“It was this paramedic’s 11th time delivering a baby,” she said, “He was super good, and calm, and that made things way better.”

Sarah Morris, a media relations officer for B.C. Emergency Health Services, said pre-hospital births -unplanned/early, ambulance and side-of-the-road deliveries – are quite common in B.C.

“B.C. Emergency Health Services responds to an average of 1,450 pregnancy and childbirth-related calls each year,” she noted.

“Our call takers, dispatchers and paramedics are medical professionals, trained to provide childbirth directions and assistance, whether by phone or once paramedics arrive on scene.

“Through the feedback BCEHS receives from individuals/families and through our Thank a Paramedic/Dispatcher program we often hear how grateful new parents are for the calm nature and professionalism our staff display during what is often a emotional, stressful life moment.

“Their reassuring words of encouragement and clear, concise direction are often cited as key to assisting in the patient(s) remaining calm and having a safe delivery.”

Morris said staff are awarded special “stork pins” after delivering a baby.

“These pins are coveted, revered and a true point of pride amongst our staff.”

For young Loki, the story of his birth will not soon be forgotten.

“He’ll definitely hear about it a lot,” Gagnon said.



ronan.p.odoherty@blackpress.ca

Like us on Facebook and follow us on Twitter

BirthsPitt Meadows

Get local stories you won't find anywhere else right to your inbox.
Sign up here

 

Gagnon is helped down three flights of stairs in an attempt to get to the ambulance. (Contributed photo)

Gagnon is helped down three flights of stairs in an attempt to get to the ambulance. (Contributed photo)

Baby Loki’s first look at the world was blue sheets, a blue garbed paramedic, and blue skies. (Contributed photo).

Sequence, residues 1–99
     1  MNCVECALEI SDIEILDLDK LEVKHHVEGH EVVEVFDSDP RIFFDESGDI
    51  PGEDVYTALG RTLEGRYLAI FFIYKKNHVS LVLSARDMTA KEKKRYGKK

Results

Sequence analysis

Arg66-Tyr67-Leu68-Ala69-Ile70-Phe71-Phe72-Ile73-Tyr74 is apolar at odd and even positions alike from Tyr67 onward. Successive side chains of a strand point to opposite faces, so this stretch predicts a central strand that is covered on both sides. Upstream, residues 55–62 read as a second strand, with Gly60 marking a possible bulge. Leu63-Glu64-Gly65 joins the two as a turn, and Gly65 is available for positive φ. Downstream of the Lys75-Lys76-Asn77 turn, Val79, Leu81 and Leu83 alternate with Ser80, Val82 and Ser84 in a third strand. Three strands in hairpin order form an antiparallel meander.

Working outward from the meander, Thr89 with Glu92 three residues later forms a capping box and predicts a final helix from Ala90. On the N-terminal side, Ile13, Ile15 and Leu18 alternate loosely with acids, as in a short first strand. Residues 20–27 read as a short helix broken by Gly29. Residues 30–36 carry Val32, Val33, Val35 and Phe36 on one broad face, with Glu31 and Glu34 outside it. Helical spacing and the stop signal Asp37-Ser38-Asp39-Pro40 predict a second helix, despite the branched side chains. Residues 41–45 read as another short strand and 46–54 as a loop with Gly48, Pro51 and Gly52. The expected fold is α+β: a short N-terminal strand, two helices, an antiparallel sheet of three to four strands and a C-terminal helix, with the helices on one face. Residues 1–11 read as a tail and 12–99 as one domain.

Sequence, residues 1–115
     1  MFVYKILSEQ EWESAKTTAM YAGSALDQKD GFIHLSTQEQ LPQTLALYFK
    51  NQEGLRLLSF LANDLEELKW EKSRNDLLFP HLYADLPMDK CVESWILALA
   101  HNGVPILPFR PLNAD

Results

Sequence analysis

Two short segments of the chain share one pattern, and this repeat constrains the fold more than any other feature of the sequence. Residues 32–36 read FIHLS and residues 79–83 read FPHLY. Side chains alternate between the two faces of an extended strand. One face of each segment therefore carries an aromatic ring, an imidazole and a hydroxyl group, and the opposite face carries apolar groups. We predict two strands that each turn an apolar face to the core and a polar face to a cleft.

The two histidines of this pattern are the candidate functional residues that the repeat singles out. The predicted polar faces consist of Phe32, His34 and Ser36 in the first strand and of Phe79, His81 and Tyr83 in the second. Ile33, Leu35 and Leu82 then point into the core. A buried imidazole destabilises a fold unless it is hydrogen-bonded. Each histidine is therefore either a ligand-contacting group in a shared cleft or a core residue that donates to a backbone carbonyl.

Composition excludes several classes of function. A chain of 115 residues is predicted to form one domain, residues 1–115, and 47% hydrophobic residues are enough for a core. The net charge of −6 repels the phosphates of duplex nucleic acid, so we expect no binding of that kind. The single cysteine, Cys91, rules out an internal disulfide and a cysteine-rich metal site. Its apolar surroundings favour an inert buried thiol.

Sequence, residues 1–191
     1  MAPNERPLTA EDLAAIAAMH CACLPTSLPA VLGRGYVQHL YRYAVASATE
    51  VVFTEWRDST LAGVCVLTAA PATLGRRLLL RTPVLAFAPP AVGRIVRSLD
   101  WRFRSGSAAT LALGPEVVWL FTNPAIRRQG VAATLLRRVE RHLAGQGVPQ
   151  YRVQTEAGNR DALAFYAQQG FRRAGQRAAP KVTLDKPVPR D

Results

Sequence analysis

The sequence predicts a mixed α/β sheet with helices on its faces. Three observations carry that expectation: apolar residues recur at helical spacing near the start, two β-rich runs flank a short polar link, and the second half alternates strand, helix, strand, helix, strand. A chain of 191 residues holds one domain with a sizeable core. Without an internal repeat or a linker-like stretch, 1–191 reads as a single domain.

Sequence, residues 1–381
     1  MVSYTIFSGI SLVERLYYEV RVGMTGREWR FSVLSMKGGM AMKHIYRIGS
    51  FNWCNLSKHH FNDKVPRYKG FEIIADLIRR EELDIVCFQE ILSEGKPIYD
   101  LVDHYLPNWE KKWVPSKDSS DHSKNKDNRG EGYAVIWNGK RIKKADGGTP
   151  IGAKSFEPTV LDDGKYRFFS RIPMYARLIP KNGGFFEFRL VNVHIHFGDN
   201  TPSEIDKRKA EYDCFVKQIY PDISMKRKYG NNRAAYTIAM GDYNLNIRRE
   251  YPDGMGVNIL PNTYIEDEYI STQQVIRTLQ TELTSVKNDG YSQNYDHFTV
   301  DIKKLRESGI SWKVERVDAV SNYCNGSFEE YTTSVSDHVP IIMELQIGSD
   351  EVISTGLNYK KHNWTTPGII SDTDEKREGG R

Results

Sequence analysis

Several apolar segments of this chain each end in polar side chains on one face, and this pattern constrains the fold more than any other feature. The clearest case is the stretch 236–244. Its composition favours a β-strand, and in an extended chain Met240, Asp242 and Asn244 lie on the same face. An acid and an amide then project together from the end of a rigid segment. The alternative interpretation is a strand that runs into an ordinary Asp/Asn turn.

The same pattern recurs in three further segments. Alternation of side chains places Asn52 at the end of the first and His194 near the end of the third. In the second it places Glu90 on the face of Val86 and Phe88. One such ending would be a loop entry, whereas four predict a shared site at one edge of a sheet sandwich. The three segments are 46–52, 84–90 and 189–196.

Baby Loki’s first look at the world was blue sheets, a blue garbed paramedic, and blue skies. (Contributed photo).

Just Posted

Saanich council approves of a five-story multi-family development at 300 Gorge Road West and 2900 Tillicum Road. (Rendering via Alan Lowe Architect Inc.)
Saanich approves five-story, mixed-use development for Tillicum area

Plans include 53 residential units, three commercial units at Tillicum Road, Gorge Road West

Coun. Niall Paltiel of Central Saanich has filed a notice of motion directing staff to work with the WSANEC leadership council to develop a program leading toward the “gradual incorporation of traditional WSANEC names for key collector and arterial roads”(Black Press Media File)
Central Saanich councillor wants road signs to use WSANEC names

Coun. Niall Paltiel proposes ‘gradual incorporation of traditional WSANEC names’ for key roads

The fine for changing lanes or merging over a solid line costs drivers $109 and two penalty points in B.C. (Screenshot via Google Street View)
B.C. drivers caught crossing, merging over solid white lines face hefty fine

Ticket for $109, two penalty points issued under Motor Vehicle Act for crossing solid lines

Royal Roads University president Philip Steenkamp said they are aware of hateful graffiti spray-painted in an area of the forest surrounding the campus. The graffiti in question includes anti-Semitic content and a racial slur towards Black people. (Facebook/Royal Roads University)
Anti-Semitic, hateful graffiti spotted in forest near Royal Roads University